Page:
Writer/Director S. Craig Zahler is to be commended both for his unique story and the way he was able to interest some notable actors to star in it under his own direction. Certainly the result is a rather odd cup of tea, not necessarily to the tastes of a broad audience, but there is a lot here to like or at least admire. Zahler's dialogue is deliberately idiosyncratic, with its formal cadences and unusual vocabulary choices, but it's in service to a rather plodding 'quest' storyline that builds to a rushed (albeit gruesome) finale.
Along the way there are a few false steps. It's not a very suspenseful trek that the heroes make to rescue the townspeople abducted by the cannibals; the riding scenes (then walking after their horses are stolen) and bivouacs play out one after the other with little sense of pacing. In fact, their main function seems to be to pad out the film's running time.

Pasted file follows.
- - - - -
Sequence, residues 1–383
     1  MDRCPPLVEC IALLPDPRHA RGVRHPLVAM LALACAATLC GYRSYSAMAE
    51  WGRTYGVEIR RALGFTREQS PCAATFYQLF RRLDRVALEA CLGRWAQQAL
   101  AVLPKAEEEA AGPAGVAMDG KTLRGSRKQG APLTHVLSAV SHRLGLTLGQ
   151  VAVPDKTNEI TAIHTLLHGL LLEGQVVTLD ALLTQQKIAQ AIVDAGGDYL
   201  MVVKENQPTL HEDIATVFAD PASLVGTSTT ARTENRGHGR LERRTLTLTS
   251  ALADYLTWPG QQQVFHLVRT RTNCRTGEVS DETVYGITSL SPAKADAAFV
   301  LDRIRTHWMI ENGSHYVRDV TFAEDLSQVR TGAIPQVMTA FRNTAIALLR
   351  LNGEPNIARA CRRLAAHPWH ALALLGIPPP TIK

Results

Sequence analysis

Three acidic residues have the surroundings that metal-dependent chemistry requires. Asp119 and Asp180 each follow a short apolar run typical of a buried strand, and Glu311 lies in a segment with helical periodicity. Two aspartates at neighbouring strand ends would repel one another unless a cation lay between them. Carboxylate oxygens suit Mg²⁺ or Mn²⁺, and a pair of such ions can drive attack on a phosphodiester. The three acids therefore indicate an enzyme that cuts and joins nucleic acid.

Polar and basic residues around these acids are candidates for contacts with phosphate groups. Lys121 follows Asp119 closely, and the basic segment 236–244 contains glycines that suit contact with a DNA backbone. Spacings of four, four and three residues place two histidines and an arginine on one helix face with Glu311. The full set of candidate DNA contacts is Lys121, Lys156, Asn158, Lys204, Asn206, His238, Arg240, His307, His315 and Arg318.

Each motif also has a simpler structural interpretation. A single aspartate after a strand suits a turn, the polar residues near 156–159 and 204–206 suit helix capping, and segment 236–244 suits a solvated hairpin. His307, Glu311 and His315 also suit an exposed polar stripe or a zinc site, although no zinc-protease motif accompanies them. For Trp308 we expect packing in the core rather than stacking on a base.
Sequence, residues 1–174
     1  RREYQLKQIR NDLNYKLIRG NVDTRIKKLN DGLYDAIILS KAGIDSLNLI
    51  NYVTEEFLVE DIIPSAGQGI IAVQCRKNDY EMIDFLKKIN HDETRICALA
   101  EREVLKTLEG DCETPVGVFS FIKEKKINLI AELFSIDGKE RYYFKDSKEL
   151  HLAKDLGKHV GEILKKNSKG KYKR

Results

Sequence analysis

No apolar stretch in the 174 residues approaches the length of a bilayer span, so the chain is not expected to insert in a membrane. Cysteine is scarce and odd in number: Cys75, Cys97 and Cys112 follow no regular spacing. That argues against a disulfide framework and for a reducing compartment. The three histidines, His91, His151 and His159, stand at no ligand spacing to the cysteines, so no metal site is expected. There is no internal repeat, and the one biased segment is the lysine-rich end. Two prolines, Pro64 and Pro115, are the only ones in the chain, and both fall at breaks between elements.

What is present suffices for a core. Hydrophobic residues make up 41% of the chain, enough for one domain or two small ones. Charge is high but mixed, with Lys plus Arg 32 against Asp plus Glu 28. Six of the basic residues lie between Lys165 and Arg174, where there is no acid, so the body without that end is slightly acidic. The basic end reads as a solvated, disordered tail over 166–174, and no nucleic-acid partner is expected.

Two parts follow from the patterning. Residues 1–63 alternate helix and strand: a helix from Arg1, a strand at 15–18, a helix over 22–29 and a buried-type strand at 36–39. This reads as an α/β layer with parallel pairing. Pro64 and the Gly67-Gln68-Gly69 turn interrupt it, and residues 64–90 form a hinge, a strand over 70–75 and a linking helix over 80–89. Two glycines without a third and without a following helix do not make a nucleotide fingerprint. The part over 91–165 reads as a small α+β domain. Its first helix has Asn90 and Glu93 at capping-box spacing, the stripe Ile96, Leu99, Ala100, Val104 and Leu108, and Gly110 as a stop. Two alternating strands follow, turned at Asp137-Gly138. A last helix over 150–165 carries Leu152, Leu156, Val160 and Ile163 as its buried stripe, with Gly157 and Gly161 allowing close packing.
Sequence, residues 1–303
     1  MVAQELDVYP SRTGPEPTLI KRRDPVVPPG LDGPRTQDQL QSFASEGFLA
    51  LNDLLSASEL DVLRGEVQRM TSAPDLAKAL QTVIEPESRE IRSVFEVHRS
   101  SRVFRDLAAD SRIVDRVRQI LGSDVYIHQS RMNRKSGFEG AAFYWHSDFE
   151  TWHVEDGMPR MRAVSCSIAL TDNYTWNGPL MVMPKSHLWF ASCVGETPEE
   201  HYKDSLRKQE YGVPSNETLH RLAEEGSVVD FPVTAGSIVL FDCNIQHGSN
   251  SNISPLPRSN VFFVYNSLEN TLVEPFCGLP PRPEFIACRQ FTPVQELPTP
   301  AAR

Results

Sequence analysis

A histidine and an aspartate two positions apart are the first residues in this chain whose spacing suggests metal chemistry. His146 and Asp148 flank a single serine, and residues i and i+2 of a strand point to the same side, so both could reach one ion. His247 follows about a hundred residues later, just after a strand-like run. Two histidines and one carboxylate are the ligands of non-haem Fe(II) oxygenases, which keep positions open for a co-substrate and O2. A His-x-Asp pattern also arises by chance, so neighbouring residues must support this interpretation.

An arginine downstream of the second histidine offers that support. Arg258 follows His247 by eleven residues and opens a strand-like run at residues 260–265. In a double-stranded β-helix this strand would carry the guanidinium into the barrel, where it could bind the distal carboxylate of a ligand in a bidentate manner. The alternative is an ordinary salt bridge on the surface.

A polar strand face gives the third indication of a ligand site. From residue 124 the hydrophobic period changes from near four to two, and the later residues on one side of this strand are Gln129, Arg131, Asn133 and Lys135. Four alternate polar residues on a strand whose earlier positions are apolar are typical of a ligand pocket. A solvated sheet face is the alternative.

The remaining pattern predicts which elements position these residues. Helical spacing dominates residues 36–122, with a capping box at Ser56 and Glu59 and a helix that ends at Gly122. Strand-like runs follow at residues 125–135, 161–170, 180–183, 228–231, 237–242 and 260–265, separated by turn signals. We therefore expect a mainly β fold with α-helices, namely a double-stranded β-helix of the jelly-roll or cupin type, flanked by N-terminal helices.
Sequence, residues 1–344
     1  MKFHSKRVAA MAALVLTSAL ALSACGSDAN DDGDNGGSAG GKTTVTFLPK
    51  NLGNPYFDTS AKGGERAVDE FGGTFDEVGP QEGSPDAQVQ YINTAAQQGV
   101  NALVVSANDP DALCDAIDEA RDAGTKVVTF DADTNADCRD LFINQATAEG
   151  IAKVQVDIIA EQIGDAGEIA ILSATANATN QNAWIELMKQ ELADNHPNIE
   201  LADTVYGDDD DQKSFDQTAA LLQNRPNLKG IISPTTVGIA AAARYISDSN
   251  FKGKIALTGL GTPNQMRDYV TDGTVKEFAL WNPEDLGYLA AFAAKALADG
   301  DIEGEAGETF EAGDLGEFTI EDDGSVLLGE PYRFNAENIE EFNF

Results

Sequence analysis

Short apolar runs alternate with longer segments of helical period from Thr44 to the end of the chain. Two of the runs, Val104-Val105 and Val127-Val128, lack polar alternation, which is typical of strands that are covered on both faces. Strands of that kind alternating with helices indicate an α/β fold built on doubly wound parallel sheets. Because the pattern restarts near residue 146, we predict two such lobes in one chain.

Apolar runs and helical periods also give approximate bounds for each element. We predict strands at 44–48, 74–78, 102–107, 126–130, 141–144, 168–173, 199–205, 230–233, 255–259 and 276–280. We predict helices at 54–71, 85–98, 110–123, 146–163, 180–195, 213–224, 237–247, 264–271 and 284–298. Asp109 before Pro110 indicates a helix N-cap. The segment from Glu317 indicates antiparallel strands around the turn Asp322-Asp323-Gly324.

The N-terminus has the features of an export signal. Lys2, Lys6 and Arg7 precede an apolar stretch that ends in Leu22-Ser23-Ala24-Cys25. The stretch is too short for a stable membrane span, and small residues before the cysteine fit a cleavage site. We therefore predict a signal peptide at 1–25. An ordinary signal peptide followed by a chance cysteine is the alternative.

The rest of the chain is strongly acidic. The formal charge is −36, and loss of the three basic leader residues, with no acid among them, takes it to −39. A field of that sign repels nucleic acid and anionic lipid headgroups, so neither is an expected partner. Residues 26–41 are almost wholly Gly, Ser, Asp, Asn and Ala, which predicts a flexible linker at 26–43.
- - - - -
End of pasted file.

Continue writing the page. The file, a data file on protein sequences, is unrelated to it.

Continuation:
By the time the cannibals' lair has been discovered, the ensuing violence happens in discrete bursts of action with no build-up to a climax. Little enlightenment about the tribe, its origin and intentions, including whether there are enough survivors to remain a threat, is provided either visually or verbally.
Performances by the cast, especially Kurt Russell as the sheriff and Richard Jenkins as his deputy, are an asset. However, Matthew Fox's character proves somewhat enigmatic and wooden. And Patrick Wilson, as the injured husband seeking to rescue his kidnapped wife, is okay but has done much more compelling work elsewhere.
A couple of other minuses are the flat cinematography of mundane Southern California desert locations, and Zahler's apparent disinterest in close-ups. But the cannibals are pretty scary, and there's one spectacular prosthetic makeup effect like nothing I've ever seen.
Overall, Zahler shows considerable promise as an off-the-beaten-path type of filmmaker, and viewers will probably want to keep an eye out for his next project.